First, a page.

Workers plant strawberries in California. A decline in the number of immigrants coming from Mexico has left many farmers short of labor.
SEATTLE — In the fruit and vegetable country around Seattle, farmworkers talk about smuggling fees as high as $8,500 per person and arduous, circuitous routes across the Mexican border. Under those conditions, thousands fewer are coming to work in the fields and farmers are desperate for more help.
But in Seattle, it’s the opposite: more immigrants are flocking to fill a void in fields like information technology and engineering, as tech giants like Amazon and Microsoft expand operations. Many are from India, with visas for skilled workers.
The divergent immigration patterns are particularly evident in Washington state, where farmland surrounds the booming tech centers of Seattle and nearby Redmond, home to Amazon and Microsoft. But the changes are occurring in other parts of the country, as Asians replace Mexicans in the immigrant stream.
A Stateline analysis of Census estimates shows that many high-tech centers, such as Seattle, San Diego and Boston, are seeing more immigration than they did 10 years ago. At the same time, many rural agricultural counties that have relied on foreign migrant workers, primarily from Mexico, have seen a drop in immigration.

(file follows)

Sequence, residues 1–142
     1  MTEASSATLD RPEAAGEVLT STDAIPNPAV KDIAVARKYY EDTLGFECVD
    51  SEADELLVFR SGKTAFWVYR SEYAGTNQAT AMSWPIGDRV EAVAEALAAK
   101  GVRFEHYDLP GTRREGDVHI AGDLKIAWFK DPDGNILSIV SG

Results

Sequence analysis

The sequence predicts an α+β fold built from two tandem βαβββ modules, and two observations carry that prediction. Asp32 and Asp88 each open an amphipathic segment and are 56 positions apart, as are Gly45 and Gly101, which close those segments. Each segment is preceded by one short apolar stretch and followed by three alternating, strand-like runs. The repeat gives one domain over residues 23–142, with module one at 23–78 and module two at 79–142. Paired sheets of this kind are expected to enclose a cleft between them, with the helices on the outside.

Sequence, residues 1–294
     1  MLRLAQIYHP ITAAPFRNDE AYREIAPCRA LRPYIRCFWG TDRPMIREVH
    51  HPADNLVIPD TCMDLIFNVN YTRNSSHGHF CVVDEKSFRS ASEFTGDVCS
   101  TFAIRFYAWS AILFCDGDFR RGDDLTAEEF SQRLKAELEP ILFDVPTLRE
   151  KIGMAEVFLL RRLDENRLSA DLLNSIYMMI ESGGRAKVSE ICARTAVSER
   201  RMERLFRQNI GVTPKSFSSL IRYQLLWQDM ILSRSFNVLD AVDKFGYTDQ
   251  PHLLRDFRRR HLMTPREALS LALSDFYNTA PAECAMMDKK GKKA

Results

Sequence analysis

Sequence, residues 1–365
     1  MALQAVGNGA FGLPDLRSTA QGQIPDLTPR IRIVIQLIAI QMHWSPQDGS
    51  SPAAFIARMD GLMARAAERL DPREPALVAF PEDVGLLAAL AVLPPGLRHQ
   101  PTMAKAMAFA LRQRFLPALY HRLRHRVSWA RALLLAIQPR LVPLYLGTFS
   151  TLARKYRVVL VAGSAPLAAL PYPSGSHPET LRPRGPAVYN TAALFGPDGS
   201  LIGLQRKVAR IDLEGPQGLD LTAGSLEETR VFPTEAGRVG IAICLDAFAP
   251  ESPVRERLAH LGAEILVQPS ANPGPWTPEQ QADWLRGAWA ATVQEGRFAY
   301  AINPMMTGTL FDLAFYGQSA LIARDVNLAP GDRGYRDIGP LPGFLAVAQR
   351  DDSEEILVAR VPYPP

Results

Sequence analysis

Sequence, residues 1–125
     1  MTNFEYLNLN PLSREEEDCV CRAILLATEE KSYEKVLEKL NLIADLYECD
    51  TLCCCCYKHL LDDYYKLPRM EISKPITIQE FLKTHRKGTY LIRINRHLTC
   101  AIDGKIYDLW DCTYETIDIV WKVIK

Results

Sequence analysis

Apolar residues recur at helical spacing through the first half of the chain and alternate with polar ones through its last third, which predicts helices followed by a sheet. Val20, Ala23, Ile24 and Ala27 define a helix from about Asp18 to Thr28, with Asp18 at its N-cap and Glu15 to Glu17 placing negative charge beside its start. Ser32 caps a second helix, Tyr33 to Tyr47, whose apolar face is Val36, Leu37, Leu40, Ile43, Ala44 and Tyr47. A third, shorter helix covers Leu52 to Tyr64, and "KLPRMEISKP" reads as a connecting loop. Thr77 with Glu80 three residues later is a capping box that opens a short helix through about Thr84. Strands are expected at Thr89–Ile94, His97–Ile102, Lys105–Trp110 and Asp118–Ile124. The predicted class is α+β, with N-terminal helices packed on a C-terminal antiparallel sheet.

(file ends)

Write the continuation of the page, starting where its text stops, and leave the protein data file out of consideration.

Agricultural areas from Georgia’s Hall County, home of poultry farms and processing plants, to Seward County, Kansas, home of cattle feedlots and packing plants, and Tulare County, California, which has fruit, vegetable and dairy farms, saw immigration drop more than 75 percent in the first five years of this decade compared to 2000 to 2005, when Mexican immigration was at its peak.
Indiana’s Elkhart County, where small farms and recreational vehicle manufacturing provide jobs, immigration dropped from a total of almost 5,000 in the early period to less than 700. At the same time in the same state, it grew by 64 percent in Tippecanoe County, home of Purdue University, and more than doubled in Monroe County, home of Indiana University.
Among the 10 counties with the biggest immigration gains in this decade are tech or education strongholds like Seattle’s King County, San Diego County, and Boston’s neighboring Middlesex County, home of the Massachusetts Institute of Technology and Harvard University.
The dramatic shift in immigration has implications for state and local economies. Tech companies say the newcomers fill a gap in U.S.-born science and technology graduates, allowing them to keep more operations in the U.S. and create jobs for other Americans. Farmers and their advocates say the shortage of migrant workers forces them to cut production, waste crops they can’t harvest or pay more for labor, which opens the door to less-expensive foreign produce.